Customize Excel Ribbon for Your Needs

One feature I like about Microsoft Excel is the ribbon. Excel allows you to optimize the toolbar area in several ways. For example, when I need more space or want to be in distraction mode, it hides part of the toolbar. Conversely, it’s easy to show the full version again. In this tutorial, I’ll show you how to customize the Excel ribbon by adding more features such as the Developer tab or popular commands.

What is the Excel Ribbon

Microsoft introduced the ribbon with Office 2007. It replaced menus and toolbars with a new interface that provides the same functionality. Within the toolbar, you have contextual elements:

  1. Tabs – these are major divisions that run along the top. (e.g., Data)
  2. Groups – these are similar items within a Tab. (e.g., Get & Transform Data)
  3. Commands – these are features within a Group represented by a button. (e.g., Filter)
Microsoft Excel ribbon.
Microsoft Excel Ribbon components

All tabs have the above elements. However, some tabs, such as Page Layout, have another called the Dialog Box Launcher. When present, it is in the lower right corner of the Group. When clicked, it will open an additional dialog like Page Setup.

When Excel is setup, it contains the following ribbon tabs:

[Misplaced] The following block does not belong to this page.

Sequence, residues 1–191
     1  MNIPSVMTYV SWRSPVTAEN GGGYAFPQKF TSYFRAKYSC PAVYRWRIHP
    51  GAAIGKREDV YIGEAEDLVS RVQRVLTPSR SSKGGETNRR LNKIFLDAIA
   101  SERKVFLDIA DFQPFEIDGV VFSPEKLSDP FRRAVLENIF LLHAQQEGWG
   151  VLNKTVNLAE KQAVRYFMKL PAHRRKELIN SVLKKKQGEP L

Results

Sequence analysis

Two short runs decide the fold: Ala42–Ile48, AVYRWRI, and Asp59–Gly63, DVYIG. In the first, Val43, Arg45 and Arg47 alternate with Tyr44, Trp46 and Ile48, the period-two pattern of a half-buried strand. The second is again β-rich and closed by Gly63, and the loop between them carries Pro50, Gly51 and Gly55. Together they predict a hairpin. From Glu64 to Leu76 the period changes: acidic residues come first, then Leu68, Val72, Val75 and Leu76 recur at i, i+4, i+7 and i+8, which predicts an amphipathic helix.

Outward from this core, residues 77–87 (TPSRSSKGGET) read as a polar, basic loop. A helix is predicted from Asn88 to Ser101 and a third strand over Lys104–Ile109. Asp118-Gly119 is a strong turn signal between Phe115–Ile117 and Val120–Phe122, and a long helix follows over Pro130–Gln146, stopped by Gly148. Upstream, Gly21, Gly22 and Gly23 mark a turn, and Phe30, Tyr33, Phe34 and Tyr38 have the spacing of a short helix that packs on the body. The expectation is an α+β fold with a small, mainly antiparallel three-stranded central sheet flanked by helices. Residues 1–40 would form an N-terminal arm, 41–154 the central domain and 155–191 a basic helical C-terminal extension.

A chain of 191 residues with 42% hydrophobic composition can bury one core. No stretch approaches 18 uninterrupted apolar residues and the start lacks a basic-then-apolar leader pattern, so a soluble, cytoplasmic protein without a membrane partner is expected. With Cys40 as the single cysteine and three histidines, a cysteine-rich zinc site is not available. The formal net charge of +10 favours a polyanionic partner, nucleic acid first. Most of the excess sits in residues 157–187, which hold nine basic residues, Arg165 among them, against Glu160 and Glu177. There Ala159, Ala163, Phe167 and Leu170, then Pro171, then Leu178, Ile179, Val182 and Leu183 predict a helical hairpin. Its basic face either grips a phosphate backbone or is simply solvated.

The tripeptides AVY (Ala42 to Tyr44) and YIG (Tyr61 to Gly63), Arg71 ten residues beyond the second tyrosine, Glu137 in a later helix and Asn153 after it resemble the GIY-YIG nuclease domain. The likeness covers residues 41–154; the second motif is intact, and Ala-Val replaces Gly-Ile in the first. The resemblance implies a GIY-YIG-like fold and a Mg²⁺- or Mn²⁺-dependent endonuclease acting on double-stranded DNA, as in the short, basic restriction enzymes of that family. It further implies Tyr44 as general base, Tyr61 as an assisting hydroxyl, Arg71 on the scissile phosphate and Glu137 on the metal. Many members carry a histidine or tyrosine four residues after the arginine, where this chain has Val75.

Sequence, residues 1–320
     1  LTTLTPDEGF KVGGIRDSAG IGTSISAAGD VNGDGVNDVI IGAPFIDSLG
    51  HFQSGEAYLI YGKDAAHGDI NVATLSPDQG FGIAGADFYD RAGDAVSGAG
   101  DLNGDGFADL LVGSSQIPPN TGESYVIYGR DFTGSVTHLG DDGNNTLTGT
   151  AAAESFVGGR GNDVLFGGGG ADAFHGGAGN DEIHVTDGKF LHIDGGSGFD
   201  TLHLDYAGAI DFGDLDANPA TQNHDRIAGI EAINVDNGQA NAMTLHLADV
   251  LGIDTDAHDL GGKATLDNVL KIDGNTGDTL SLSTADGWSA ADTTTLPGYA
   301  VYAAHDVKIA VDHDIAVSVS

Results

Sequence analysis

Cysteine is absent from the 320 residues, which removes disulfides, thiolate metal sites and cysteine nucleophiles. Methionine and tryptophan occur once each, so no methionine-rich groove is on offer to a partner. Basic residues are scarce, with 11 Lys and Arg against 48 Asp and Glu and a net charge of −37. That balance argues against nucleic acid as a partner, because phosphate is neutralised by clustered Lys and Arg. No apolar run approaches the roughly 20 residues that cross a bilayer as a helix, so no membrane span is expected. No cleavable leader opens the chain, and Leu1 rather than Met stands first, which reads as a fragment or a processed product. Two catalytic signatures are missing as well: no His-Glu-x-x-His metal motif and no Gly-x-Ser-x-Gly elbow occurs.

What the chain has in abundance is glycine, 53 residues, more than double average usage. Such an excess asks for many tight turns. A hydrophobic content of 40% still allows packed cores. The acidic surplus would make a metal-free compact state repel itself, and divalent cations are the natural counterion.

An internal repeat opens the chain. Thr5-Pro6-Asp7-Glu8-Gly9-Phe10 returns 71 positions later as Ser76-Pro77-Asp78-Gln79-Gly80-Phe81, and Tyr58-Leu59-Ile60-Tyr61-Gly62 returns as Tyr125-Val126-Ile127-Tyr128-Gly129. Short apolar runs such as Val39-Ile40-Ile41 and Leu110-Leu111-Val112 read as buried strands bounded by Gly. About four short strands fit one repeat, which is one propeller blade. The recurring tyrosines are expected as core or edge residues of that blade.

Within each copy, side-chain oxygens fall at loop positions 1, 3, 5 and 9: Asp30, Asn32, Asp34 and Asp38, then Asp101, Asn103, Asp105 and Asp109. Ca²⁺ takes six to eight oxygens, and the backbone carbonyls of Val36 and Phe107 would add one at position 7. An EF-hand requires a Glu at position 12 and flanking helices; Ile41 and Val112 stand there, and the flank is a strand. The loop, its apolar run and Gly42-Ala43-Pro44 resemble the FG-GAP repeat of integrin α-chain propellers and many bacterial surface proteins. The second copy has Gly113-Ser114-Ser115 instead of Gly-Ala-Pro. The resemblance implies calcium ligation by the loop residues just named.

• File
  • Home
  • Insert
  • Draw
  • Page Layout
  • Formulas
  • Data
  • Review
  • Help

Show and Hide Ribbon Elements

For most people, the ribbon shows under the Quick Access toolbar. Sometimes you don’t see the Excel ribbon because it is hidden. It’s not missing but in a “collapsed” state. Some people prefer closing it, so they have more room to work on the spreadsheet.

Excel ribbon in collapsed state
Excel Ribbon in a Collapsed state

How to Collapse the Excel Ribbon – Method 1

The process for opening or collapsing the menu is the same. The only difference is the menu may show a checkmark to reflect your current state.

  1. Place your mouse over any ribbon tab name. (e.g., Data)
  2. Right-click and select Collapse the Ribbon.

Keyboard shortcut: Ctrl + F1

Collapse the ribbon menu item.
Opening a collapsed ribbon. Note the checkmark.

Show or Hide Using Ribbon Display Options – Method 2